Is Boston’s Mayor Walsh Capable of Addressing The City’s Raw Racism
Mayor Marty Walsh pledged last week to make Boston a model city for ending systemic racism. But is he qualified for that task?
By many accounts Walsh is a highly functional mayor. He has proven his abilities at delivering on the basic city servives that voters expected. His recent leadership during the city’s battle with COVID-19, for instance, has displayed his sound judgement in the middle of crisis.
But Walsh has been an abject failure at addressing the issue of anti-black bias during his tenure. He is poignantly oblivious to the horrid racial climate that haunts the city. Worst, Walsh appears quietly indifferent to the soft apartheid conditions that grip Boston.
What’s demonstrably clear is that Walsh lacks the personal and political leadership skills to appreciate the depth and complexity of the raw racism that make black life in Boston bleak, woefully constrained and without relief. Most whites lack a capacity to understand this. Walsh is an example.
To his credit Walsh attempted to address white supremacy last Thursday during a press conference while the nation — including Boston — was convulsing over the police murder of George Floyd in Minneapolis. Walsh said “[I encourage] everyone who is white to listen, listen to your Black neighbors, listen to Black Bostonians who are protesting.”
Yet blacks in the city wonder whether Walsh has been listening to them at all as they complain by about flagrant racial disparity in the city — a city where blackness is synonymous to poverty and neighborhood segregation, in a city where police department leadership is virtually lily white, and a city where the wide wealth gap is reflected along the lines of race. Blacks wonder if Walsh suffers from hearing the everyday soundings of discrimination and prejudice that ricochet across the streets of the city. Blacks in Boston grimly surmise our mayor is acoustically incapable of capturing the bias that is symptomatic of a city that has long-embraced xenophobic tendencies.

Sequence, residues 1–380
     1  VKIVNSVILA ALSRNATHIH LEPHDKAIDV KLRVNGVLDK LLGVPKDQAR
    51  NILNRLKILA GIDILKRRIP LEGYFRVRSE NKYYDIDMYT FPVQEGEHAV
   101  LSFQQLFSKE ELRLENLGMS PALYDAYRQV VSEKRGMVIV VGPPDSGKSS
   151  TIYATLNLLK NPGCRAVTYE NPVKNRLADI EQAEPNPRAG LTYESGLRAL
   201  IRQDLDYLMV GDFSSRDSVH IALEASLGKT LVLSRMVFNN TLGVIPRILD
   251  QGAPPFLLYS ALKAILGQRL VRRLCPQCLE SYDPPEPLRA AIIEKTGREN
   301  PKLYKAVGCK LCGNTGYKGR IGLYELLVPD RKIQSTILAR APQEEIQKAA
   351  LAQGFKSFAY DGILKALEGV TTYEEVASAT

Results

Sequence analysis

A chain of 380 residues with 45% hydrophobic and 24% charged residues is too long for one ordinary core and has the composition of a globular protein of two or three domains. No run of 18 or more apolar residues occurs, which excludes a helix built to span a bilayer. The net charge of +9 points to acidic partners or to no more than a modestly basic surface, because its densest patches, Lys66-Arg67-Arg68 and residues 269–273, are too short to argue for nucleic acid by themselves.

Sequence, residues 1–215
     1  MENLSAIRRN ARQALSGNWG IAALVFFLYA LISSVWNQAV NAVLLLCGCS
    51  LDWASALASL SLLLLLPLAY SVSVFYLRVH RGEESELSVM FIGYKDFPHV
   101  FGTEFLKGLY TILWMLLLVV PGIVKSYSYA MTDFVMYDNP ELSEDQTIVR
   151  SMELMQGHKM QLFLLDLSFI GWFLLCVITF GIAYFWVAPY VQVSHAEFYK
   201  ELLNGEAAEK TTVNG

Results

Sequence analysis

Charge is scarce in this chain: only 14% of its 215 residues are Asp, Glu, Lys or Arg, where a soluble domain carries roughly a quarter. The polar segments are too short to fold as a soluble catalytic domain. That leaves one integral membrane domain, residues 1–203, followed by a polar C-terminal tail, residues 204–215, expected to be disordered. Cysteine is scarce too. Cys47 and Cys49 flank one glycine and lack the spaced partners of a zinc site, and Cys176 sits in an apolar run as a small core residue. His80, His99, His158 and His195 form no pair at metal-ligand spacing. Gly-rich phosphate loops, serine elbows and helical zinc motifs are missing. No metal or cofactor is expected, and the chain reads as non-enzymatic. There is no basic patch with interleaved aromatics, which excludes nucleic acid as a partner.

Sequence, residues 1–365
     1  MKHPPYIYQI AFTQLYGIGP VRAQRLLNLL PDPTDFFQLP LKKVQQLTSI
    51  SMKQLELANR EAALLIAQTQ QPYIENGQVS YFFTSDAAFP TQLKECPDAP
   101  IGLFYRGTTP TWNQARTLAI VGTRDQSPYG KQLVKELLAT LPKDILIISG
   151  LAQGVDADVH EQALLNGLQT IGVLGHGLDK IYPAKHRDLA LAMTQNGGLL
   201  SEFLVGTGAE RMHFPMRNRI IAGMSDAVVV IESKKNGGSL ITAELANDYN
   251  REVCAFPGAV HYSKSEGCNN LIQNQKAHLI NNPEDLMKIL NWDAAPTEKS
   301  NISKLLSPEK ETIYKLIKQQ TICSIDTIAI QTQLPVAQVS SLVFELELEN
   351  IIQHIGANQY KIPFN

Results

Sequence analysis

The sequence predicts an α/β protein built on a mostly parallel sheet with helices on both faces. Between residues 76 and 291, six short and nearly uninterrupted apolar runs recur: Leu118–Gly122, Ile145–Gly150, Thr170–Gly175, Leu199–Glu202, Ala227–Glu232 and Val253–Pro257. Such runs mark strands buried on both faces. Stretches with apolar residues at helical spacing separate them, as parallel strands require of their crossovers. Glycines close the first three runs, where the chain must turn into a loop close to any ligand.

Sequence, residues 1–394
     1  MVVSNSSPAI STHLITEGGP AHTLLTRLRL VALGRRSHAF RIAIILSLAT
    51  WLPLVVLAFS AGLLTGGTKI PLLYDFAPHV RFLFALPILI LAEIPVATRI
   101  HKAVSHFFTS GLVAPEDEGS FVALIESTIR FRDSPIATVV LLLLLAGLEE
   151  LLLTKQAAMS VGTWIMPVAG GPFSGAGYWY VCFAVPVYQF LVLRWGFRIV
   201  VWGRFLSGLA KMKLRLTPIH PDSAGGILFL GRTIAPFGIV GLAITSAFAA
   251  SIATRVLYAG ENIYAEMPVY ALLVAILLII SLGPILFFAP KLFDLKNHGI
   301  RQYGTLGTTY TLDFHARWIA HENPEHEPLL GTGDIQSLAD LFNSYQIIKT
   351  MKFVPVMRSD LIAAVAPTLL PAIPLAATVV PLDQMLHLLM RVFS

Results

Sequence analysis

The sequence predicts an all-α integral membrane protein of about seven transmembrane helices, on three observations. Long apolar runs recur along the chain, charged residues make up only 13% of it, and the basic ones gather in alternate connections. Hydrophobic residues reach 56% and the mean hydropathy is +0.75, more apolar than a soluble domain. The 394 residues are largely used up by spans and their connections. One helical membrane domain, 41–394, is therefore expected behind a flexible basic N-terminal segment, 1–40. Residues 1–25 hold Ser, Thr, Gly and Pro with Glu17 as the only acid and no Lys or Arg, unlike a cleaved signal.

Perhaps because Walsh was raised in the racially cloistered precincts of Savin Hill in Dorchester, he has come so slowly to seeing race as a crisis-driven issue in Boston. And as the demography has shifted so starkly in Boston so that whites are now the municipality’s minority population, Walsh may find the racial changes in the city confusing.
But if Walsh wants to take up the pledge of making Boston more friendly to blacks, he is welcomed to do that. He is also encouraged to keep reminding white Bostonians to engage the city’s black residents so that they explore their racial insensitivities. Those things are truly needed.
What’s demonstrably clear is that Walsh lacks the personal and political leadership skills to appreciate the depth and complexity of the raw racism that make black life in Boston bleak, woefully constrained and without relief. Most whites lack this capacity.
At the same time Walsh must recognize that he cannot be the leader in the effort of exocising racism in Boston. His white standing— all whites are racially fragile in light of the implicit forms of bias they possess — makes him unqualified at commanding this charge. Walsh needs help moving past confronting white supremacy in Boston.
As things stand now, the city’s office of diversity is a waste of time. It is led by blacks who lack any advanced knowledge or training about race. They should be replaced. Moreover, the equity policies espoused by the Walsh administration remain anemic and can be fairly compared to Orwellian double speak. This is reflected clearly with the nearly non-existent relationship the Walsh administration has with Boston’s black businesses around contracts and procurement.
Add to this the effort being led to rename Faneuil Hall because of its connection to slavery. Walsh has actively opposed a process that would change the building’s name through political stonewalling. This makes it apparent that Walsh’s administration is woefully sophomoric at addressing the city’s desperate racial causes. They are not ready for primetime.
The administration needs a dramatically new vocabulary to effectively address race in Boston. The also need a new vision on what the city would look like along the lines of race as it approached its 400 anniversary in 2030. These tasks are enormous and will require citywide dialogues and prodigous policy production.
If Walsh truly wants to advance the city in the areas of race relations then he needs to listen intently to black people who suffer in Boston everyday. He should be prepared to address all forms of institutionalized discrimination. He should realize that symbols like Faneuil Hall represent insensitivity to black people and that the building — as it is currently named — fosters a kind of racial violence.
This means that Walsh will need to change drastically as an elected official and as person if he continues to lead the city. We hope that he is up to it. Otherwise, he should not run for office again.